The other story that stood out for me was at Fairground. One participant wanted to find a way of linking their past, present and future lives as they were in conflict. On leaving the first exercise, she crossed the road and walked through a council estate which, for her, signified her past. As she walked through, she came out the other side and found a most beautiful road, bathed in sun which, for her, signified her future and her aspirations. Along the way she picked up a magazine that had the club she had raved in all her life (until it shut down) with a story in the sub headline about a friend who had started something else recently; she reconciled her question right there in black and white on the front of that magazine. She had shunned a lot of her previous ‘raving’ life and stopped feeling part of that group. However, that group were at Fairground that night and she had come to the Street Wisdom event without realising they would all be there – her past and present were colliding in that one small space. We all got tingles when she told us it was the most profound thing she had done and she had to stay at Fairground after our event – she didn’t know why but someone was coming to meet her – she could just feel it as she was so tuned in to her environment.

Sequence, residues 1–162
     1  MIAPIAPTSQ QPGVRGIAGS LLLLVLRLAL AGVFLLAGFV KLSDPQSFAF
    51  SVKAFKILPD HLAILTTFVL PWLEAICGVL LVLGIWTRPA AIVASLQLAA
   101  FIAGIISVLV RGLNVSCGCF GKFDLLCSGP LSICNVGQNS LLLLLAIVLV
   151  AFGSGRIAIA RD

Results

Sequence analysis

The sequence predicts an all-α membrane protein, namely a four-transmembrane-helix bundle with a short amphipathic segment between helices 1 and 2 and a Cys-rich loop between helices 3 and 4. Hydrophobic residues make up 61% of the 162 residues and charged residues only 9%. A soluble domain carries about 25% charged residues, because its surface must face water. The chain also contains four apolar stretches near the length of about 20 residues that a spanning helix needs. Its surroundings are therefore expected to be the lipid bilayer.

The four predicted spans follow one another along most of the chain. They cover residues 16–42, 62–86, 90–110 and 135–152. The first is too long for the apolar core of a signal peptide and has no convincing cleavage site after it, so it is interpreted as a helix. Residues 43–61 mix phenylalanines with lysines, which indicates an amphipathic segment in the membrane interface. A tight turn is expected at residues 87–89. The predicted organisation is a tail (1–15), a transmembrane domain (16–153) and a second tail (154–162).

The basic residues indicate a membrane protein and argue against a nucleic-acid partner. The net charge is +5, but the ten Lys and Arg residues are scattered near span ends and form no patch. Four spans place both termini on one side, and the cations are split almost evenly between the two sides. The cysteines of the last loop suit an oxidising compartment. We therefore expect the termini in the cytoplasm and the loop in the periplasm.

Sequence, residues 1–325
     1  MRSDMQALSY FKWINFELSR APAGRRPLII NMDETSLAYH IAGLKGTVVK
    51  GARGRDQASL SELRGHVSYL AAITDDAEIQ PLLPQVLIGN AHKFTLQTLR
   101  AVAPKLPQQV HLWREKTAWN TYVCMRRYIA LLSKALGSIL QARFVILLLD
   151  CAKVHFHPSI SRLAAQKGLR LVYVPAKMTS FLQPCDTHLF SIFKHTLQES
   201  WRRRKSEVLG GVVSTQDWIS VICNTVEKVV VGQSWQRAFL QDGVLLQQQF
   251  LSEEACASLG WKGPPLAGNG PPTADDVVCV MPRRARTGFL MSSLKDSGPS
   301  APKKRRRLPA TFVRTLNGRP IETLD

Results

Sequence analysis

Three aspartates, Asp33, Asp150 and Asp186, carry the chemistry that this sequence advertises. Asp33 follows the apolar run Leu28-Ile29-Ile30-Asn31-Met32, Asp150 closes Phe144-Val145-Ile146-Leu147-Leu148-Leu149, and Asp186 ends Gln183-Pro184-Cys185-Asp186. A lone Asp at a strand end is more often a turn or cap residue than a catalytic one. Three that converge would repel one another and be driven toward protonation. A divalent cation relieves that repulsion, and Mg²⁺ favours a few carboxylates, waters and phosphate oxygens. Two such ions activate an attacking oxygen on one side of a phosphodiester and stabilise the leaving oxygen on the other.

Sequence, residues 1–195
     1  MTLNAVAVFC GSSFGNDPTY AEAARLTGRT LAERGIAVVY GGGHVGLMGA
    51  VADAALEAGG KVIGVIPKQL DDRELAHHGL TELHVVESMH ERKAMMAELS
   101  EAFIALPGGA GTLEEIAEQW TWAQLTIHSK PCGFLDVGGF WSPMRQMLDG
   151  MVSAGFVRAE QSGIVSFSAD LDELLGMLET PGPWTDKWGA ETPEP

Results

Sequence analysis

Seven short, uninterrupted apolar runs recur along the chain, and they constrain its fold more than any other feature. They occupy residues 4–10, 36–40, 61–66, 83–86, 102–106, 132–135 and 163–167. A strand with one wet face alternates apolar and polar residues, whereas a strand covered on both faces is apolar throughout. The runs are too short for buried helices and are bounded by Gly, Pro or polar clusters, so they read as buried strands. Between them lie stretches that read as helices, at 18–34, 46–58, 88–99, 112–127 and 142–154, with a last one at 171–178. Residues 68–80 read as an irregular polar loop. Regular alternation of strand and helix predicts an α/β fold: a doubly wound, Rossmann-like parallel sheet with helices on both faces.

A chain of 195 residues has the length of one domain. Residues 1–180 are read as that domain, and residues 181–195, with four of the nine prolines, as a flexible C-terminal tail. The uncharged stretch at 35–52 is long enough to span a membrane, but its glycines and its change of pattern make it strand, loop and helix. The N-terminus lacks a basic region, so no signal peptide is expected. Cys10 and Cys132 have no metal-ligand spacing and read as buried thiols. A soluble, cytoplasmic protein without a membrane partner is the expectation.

Amazing stories

DP: What are you learning about SW the more you do it?

SM: The power of it – how it leads to magic and how everyone can take something, however small, from it. Some of our participants at Crouch End festival described it as being in a yoga or meditative trance, being in some kind of bubble that felt really intense. Someone told us Street Wisdom has passed their tingle test – she had such an experience that halfway through she was overwhelmed with tears of joy. There’s nothing that is as simple as this that delivers such powerful emotions and life changing energy.

DP: If you could lead a SW event anywhere – where would it be? And which five living people would you like to invite to take part…

SM: I would love to run a Street Wisdom in Tibet – one spiritual movement meeting another would be incredibly powerful. I think that people would reach the next plain! I’d love to take government leaders who are fighting one another on that Street Wisdom – Iraq, Iran, Israel, Palestine, Somalia, Afghanistan, UK, US, China whoever – if we could get a new perspective for all of those leaders and they could come together and share their experiences, I am sure we could conquer world peace. That’s how powerful I believe this is.Street Wisdom in Crouch End